An Emotion-Detection Framework For My Chatbot
If you have been following my articles, I am building a AI (Artificial Intelligence) Chatbot to negotiate with people who want to buy a car. If you scroll through my past articles, you will find the genesis of this idea and why I think that it will work.
In the art of negotiation, humans can rely on visual and other cues to determine the emotional impact of what they are saying. They can intuit if the person is becoming frustrated, angry, bored or eager. Chatbots do not have that facility. But since it is such an important facet of dealing with human carbon units, it has to be taken into account.
I have already outlined by strategies for cognition and context recognition for my chatbot using neurals nets, NLP (Natural Language Processing) and AIML (or Artificial Intelligence Markup Language). What I want this chatbot to do, is to get smarter with each negotiation that it conducts. The learning aspect has to happen to make this thing commercially useful.
The algorithm will be an emotion association spanning the range from "I am so angry that I could kill someone!" to Neutral to "I am so ecstatically happy that I could kiss you." So how would this work? Obvious the first step is to identify word predicates with emotional state in some sort of dictionary. This would be a starting point. However in a learning mode, if the emotion was ambiguous to the chatbot, it will popup a short array of emojis that represent an emotional state and click on a rating of 1 to 5 to represent the degree. Then the AI machines take over an link answer length, specific words, capitalization and behaviors to teach the chatbot the emotional state within the context of the answer.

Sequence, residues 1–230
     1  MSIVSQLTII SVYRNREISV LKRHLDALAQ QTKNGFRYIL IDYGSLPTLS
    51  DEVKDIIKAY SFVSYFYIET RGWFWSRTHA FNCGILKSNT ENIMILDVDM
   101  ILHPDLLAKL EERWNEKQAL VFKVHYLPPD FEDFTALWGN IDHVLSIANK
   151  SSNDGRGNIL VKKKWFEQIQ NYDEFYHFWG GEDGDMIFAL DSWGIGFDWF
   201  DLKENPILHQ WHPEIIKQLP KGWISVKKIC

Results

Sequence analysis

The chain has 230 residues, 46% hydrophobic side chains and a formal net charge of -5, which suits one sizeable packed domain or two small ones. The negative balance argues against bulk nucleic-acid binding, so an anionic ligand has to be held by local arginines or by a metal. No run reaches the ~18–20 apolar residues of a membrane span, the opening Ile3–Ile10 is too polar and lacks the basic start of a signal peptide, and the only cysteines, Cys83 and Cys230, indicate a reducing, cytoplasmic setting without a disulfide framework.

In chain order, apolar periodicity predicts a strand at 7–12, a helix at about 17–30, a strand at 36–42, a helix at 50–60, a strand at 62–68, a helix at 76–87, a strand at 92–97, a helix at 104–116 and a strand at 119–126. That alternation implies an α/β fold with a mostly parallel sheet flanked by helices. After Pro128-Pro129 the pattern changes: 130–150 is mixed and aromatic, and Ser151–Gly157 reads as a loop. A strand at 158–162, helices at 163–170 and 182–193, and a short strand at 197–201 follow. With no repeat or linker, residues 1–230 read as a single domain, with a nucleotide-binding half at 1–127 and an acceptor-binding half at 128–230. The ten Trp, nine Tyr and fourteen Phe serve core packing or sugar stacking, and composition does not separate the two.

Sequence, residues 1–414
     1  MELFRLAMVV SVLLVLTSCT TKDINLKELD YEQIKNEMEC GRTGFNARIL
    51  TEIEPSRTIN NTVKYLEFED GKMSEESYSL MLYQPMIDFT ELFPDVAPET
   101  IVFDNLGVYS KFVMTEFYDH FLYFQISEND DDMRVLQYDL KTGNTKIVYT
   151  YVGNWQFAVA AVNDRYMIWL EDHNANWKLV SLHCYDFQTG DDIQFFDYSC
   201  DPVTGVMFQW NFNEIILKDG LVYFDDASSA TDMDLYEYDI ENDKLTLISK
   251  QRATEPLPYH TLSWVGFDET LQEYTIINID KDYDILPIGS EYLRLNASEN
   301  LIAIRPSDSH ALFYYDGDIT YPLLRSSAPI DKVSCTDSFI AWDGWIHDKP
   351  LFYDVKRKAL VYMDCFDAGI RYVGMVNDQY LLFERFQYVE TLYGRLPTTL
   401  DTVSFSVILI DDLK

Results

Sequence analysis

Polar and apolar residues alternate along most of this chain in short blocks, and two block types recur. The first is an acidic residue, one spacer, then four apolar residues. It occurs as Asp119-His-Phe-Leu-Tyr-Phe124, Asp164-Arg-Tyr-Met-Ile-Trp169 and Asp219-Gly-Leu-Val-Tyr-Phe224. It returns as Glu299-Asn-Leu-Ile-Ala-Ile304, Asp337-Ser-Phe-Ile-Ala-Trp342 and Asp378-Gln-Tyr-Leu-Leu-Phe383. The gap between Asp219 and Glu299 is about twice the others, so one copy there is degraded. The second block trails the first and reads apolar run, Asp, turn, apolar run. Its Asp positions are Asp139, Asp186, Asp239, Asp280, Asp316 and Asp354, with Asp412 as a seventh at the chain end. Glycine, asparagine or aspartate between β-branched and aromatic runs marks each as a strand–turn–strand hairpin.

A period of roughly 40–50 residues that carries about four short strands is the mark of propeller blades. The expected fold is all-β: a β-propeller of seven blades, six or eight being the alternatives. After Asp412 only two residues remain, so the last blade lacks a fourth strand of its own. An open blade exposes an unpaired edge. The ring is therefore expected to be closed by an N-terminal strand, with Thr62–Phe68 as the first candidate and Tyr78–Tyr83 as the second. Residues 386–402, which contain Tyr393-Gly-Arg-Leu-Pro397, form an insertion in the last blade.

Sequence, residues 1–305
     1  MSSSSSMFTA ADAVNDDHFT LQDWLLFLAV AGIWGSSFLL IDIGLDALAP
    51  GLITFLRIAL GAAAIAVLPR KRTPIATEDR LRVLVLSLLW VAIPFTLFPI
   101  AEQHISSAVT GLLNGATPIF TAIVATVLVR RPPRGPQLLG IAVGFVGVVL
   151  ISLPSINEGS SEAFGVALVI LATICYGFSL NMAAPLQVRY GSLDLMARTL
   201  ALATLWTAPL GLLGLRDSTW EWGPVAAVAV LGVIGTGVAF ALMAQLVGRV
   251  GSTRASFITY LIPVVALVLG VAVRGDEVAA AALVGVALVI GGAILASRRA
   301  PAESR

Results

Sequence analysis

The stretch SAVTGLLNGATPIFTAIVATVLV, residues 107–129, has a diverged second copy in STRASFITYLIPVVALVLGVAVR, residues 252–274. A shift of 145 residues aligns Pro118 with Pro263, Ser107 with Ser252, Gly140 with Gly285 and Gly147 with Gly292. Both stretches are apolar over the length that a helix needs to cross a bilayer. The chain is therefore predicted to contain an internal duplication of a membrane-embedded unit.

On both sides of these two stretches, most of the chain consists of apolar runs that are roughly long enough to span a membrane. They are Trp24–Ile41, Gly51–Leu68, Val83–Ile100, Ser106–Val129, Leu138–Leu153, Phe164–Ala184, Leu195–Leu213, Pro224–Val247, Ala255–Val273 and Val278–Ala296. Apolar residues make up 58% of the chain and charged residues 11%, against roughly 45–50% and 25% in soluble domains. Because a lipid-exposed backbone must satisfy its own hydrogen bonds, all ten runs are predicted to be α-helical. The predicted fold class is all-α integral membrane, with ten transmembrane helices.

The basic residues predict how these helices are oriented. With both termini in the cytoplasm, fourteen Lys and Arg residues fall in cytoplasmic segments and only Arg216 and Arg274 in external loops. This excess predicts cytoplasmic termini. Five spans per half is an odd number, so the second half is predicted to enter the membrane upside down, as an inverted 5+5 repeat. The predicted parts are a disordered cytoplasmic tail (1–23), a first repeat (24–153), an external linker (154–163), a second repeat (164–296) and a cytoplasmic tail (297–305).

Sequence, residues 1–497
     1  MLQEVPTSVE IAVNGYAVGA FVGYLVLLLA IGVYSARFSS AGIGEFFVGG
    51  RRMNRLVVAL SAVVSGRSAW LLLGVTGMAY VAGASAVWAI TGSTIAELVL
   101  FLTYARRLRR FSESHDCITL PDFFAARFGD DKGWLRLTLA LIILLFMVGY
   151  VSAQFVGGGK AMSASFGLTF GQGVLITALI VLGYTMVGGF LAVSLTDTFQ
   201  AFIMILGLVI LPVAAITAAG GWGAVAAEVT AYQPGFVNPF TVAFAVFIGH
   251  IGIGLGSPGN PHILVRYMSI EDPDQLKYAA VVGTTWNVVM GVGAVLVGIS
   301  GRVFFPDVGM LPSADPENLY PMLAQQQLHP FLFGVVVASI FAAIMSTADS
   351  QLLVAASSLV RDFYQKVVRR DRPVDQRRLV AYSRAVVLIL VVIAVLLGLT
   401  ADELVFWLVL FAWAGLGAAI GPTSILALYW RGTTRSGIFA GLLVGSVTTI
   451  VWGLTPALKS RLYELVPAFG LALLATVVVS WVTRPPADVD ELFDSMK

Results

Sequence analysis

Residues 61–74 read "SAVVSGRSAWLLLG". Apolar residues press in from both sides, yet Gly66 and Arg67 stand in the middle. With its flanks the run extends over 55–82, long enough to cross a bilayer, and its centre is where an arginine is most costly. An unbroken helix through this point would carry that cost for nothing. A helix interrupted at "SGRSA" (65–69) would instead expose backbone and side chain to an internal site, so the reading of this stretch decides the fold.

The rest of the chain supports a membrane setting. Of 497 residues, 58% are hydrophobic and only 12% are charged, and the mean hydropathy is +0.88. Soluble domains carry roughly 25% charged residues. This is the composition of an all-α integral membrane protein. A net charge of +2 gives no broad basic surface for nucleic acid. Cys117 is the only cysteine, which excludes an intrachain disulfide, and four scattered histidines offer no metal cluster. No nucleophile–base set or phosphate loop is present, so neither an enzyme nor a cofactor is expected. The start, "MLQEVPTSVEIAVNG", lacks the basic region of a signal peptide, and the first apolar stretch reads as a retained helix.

How will knowing the emotional state help? This chatbot, as iterated, is a negotiation chatbot. It will have a range of strategies. As it detects frustration, it will take a softer, less aggressive approach to counter-offering. If the negotiation goes off the rails into la-la land, with a ridiculous counter offer, the chatbox may in fact, shut down the negotiations and politely thank the person and call for a human intervention. If it detects that it is on-track to close a sale, it may take a more sophisticated approach and try to up-sell services or ad-ons.
The emotion detection framework is a necessary adjunct to selling to humans, and it has applications over a wide spectrum of chatbot applications, including a help-desk service chatbot that helps people solves problems without endlessly waiting for a service agent while listening to elevator muzak and wasting valuable time.
This is just one more step in eliminating the frustrations of dealing with human-condition vagaries when undertaking a commercial transaction.
Stay tuned for more on this journey.